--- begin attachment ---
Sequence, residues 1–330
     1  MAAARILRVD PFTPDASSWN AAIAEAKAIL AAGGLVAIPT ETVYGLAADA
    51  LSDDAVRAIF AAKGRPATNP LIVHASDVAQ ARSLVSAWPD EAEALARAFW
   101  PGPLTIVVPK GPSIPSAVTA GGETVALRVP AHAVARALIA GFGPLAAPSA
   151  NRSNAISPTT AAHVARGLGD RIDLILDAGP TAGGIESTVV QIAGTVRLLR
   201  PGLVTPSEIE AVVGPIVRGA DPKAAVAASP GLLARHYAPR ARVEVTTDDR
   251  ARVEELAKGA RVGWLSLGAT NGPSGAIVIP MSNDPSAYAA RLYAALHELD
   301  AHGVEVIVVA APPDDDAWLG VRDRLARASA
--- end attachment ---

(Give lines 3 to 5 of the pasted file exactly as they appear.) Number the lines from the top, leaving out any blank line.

    51  LSDDAVRAIF AAKGRPATNP LIVHASDVAQ ARSLVSAWPD EAEALARAFW
   101  PGPLTIVVPK GPSIPSAVTA GGETVALRVP AHAVARALIA GFGPLAAPSA
   151  NRSNAISPTT AAHVARGLGD RIDLILDAGP TAGGIESTVV QIAGTVRLLR